from the North
published in the San Francisco Bay Guardian
delightful it is, and how it makes one's pulses bound to get
back into this reviving northland wilderness! How truly wild
it is, and how joyously one's heart responds to the welcome
it gives, its waters and mountains shining and glowing like
enthusiastic human faces!"
-- John Muir, Travels in Alaska
takes a place like Alaska to know
life as a nobody. No ego can rise above the humility felt
inside one of its melting ice caves, crawling in the womb
of a sparkling blue glacier that gave birth to valleys and
rivers, a living piece of ice that scratches a secret language
on stones and feeds waterfalls the leftovers.
It takes a place like Alaska, which claims 17 out of the nation's
20 largest peaks, 6,640 miles of coastline, more than 3,000
rivers and 3 million lakes, a three-month summer day and two-month
winter night, and one square mile per every resident, to give
grandiose dreams room to grow big and strong.
And to understand the contradictions Alaska's space inspires,
it takes a 2,000-mile drive through Canada's British Columbia
and Yukon Territory on the one and only road into the state:
the Alaska Highway.
The Alaska Highway is a bumpy-skinned cement monster with
an oil pipeline spine and kitschy fingers of "The World's
Greatest" hat and signpost collections, soulless gift
shops and eye-straining R.V. parks. Its man-made monstrosities
only reaffirm the fact that you are nowhere. Leave the road
and try traversing the endless forested miles that swallow
Survival skills come into play long before reaching bear country
and alpine tundra. Survival is about shaking bad luck, like
getting three flat tires in two rainy days, crossing the haunting
paths of fatal car wrecks and locking your keys in the ignition
while miles away from the nearest town (ever try to mime "coat
hanger" to a busload of drunk Germans?).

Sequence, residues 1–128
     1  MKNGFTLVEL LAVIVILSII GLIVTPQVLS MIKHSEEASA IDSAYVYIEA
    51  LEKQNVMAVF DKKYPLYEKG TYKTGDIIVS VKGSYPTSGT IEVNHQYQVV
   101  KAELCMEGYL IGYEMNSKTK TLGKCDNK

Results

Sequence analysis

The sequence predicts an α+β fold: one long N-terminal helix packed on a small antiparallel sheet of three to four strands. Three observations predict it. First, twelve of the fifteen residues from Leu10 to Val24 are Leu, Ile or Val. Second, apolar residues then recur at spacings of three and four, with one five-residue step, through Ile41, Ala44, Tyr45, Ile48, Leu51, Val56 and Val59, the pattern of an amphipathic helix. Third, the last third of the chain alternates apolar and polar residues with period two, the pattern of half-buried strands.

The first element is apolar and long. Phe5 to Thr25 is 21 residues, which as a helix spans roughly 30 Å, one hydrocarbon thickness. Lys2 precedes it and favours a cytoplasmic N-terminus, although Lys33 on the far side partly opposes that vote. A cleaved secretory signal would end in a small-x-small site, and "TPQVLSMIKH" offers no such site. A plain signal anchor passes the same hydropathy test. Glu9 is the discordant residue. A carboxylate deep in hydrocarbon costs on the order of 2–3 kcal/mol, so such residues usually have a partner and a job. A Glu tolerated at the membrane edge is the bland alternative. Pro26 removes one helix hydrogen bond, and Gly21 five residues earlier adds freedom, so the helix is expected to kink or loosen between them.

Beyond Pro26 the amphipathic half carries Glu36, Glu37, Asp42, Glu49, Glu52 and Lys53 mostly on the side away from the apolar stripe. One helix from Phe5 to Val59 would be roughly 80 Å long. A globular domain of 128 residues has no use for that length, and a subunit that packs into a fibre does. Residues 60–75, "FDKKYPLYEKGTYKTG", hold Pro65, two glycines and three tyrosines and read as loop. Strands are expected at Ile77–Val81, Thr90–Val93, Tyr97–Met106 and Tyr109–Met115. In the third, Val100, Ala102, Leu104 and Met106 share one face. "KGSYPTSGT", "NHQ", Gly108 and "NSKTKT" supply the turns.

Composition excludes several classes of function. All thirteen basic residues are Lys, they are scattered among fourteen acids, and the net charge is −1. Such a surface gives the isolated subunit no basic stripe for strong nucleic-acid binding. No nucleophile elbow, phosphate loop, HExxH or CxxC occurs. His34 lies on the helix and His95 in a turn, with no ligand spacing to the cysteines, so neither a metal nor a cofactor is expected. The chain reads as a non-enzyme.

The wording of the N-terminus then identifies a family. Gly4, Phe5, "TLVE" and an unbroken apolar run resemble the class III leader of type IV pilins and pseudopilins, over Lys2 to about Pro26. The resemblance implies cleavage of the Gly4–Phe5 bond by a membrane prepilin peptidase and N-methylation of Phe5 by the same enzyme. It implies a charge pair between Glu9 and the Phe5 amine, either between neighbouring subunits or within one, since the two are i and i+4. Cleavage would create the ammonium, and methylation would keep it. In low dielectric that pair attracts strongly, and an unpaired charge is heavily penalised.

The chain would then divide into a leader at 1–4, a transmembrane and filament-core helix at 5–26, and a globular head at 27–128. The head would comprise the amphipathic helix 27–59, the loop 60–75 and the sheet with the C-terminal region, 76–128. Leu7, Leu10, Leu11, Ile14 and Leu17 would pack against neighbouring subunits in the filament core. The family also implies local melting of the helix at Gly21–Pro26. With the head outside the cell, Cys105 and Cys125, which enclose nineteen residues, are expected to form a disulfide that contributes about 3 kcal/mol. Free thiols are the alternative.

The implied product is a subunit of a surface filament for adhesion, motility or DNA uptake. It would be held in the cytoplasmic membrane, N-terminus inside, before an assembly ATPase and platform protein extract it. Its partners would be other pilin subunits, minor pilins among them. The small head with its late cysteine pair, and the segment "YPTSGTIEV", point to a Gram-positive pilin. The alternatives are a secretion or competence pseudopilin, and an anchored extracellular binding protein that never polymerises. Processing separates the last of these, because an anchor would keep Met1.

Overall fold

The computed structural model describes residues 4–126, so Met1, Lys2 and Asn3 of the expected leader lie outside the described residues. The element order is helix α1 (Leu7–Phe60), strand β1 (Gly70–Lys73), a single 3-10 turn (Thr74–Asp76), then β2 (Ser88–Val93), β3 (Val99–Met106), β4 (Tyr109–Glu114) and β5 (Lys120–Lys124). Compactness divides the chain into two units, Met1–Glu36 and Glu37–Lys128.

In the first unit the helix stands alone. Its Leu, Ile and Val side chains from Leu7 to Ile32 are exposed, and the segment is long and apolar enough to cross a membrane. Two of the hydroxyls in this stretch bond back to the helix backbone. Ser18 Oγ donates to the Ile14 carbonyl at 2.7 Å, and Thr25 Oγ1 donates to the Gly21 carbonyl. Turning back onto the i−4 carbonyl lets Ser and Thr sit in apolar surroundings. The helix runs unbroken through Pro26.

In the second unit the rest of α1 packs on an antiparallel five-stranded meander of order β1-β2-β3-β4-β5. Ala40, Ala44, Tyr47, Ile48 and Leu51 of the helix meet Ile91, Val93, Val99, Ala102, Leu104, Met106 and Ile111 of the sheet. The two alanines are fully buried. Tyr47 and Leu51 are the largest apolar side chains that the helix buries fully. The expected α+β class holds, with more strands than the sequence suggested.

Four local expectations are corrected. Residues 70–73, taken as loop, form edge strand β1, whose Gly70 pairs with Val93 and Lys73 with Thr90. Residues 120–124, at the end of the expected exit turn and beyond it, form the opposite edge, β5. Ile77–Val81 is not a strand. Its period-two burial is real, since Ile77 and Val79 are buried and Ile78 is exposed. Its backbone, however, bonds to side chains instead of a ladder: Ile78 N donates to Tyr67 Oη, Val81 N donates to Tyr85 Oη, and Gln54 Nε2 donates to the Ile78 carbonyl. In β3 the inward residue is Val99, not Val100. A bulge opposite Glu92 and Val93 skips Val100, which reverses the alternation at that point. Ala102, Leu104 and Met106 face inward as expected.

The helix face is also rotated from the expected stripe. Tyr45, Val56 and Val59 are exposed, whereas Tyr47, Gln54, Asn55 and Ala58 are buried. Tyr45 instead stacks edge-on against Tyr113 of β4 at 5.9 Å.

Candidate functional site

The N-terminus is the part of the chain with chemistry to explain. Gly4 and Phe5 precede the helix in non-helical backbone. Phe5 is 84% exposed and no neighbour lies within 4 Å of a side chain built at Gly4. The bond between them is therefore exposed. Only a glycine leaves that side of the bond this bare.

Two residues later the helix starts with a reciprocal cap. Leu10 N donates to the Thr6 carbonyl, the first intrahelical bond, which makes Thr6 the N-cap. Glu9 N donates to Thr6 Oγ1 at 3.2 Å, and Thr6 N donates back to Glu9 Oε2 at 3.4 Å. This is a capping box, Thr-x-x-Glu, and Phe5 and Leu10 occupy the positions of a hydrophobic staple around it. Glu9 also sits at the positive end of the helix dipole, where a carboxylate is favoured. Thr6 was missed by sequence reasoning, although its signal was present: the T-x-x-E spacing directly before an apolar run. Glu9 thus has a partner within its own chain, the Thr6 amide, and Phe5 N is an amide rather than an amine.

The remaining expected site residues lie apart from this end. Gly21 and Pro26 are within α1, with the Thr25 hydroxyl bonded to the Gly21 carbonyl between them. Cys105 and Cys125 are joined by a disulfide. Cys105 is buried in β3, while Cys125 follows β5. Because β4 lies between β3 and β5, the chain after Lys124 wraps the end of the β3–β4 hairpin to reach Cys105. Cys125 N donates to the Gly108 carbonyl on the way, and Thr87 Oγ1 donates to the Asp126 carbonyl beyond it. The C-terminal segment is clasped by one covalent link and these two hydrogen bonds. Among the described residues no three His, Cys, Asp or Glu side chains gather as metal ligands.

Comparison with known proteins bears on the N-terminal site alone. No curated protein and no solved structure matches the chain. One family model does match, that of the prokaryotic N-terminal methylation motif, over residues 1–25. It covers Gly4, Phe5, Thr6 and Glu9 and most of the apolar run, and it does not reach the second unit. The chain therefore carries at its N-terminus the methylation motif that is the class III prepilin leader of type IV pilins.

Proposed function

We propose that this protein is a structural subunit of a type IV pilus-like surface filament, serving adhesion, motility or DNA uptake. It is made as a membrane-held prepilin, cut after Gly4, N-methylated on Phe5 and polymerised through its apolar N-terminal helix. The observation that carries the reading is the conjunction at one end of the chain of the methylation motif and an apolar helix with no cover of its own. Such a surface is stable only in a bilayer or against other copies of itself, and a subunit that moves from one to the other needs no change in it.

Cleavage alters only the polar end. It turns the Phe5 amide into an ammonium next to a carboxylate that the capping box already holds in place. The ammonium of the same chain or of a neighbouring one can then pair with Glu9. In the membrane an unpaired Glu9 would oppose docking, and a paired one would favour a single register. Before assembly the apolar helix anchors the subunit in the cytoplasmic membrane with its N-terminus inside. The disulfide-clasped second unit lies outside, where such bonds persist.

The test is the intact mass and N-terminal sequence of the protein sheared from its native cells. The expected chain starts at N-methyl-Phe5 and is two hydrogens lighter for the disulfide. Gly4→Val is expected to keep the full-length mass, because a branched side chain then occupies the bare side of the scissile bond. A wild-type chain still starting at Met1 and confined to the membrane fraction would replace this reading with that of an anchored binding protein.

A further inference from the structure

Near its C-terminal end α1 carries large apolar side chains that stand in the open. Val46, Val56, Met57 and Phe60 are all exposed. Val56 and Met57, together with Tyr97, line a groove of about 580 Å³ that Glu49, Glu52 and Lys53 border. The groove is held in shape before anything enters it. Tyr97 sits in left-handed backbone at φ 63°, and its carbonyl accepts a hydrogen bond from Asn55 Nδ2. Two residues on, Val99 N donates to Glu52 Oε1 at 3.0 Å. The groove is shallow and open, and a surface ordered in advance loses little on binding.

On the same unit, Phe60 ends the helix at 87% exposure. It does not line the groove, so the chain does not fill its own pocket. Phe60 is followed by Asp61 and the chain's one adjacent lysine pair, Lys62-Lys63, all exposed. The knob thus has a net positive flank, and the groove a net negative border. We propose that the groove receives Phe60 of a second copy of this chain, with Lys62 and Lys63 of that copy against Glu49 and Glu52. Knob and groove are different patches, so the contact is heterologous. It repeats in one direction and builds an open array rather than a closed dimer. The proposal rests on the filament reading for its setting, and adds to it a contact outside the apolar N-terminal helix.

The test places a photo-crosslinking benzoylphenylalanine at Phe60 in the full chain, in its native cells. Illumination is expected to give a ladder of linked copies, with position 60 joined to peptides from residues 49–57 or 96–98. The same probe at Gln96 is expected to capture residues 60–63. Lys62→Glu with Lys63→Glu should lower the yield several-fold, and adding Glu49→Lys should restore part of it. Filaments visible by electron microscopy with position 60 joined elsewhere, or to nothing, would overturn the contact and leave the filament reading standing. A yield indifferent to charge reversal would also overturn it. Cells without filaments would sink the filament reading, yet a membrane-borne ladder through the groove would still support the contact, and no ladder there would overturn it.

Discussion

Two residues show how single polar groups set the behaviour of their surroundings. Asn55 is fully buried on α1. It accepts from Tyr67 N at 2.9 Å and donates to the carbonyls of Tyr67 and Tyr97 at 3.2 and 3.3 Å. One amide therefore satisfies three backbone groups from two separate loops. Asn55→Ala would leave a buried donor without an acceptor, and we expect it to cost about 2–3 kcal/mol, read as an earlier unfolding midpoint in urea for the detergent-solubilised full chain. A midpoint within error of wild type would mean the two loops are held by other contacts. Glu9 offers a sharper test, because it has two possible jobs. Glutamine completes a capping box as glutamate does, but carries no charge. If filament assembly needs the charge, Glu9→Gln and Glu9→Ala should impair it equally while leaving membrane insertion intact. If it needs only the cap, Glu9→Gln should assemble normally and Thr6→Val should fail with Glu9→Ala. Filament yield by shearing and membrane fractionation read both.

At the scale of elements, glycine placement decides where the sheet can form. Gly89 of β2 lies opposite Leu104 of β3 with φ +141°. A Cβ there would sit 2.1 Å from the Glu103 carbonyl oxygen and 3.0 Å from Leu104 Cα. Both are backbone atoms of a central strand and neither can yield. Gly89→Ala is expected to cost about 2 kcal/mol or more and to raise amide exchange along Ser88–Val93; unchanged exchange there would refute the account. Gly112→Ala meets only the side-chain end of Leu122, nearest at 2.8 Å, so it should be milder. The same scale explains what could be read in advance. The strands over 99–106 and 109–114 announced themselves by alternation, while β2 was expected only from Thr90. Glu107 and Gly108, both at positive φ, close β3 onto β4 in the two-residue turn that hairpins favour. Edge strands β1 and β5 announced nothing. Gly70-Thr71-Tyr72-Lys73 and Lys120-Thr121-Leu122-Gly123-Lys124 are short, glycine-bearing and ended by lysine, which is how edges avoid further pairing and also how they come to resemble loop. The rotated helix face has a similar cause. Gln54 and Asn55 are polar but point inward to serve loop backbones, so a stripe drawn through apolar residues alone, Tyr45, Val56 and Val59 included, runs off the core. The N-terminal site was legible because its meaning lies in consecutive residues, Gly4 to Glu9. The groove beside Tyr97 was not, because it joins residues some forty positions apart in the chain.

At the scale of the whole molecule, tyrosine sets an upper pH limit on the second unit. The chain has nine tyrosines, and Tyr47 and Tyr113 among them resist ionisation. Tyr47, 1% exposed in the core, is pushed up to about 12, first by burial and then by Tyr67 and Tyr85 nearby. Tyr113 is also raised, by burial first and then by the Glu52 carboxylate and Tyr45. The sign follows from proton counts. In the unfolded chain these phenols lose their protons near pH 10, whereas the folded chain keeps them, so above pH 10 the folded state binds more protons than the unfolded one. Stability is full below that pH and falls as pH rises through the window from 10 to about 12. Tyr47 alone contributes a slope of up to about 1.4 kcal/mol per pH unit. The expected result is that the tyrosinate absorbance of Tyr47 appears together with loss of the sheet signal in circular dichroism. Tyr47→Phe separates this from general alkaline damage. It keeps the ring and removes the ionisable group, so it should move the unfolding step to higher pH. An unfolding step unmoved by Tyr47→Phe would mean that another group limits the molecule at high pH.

Our on-the-road mottoes became "what doesn't kill you
only makes you stronger" and "insha'allah,"
an Arabic phrase which translates "with God's permission."
These phrases are part of the Alaska Highway survival kit,
which also includes: an excellent spare tire; a tolerance
for road-hogging RVers who worship the almighty speed limit;
a CB for listening to truckers talk about construction slow-downs
and chicks in green bikinis; mushroom and berry identification
books to supplement pancakes and pasta; and ample film to
capture the moose, caribou and Dall sheep that cross the highway,
presumably to get to the other side.
It took well over a week to reach Alaska from San Francisco,
driving long and fast to come to our first major stop: Wrangell-St.
Elias National Park. A magical meeting place of four mountain
ranges and some 20 glaciers, the park's vastly underexplored
13 million acres are anchored by the twin towns of McCarthy
and Kennicott, founded in 1900 when prospectors discovered
deposits of copper ore in the mountains worth $200 million.
The towns now boast a collective year-round population of
35 odd but extremely friendly people.
The sole road leading to McCarthy is a tire purgatory, 58
miles of gravel unevenly laid on top of the old spiked railroad
tracks. If you don't want to pay in auto wear and tear, you
can spring for a flight with a kamikaze bush pilot or a $100
shuttle ride. At the road's end, the only way into town is
a footbridge across the Kennicott River.
The national park service has a free camping area just before
the river and the towns offer a couple costly lodges, but
the choicest housing option is to slap on a backpack and take
the five-mile, flat-terrain hike to Root Glacier, virtually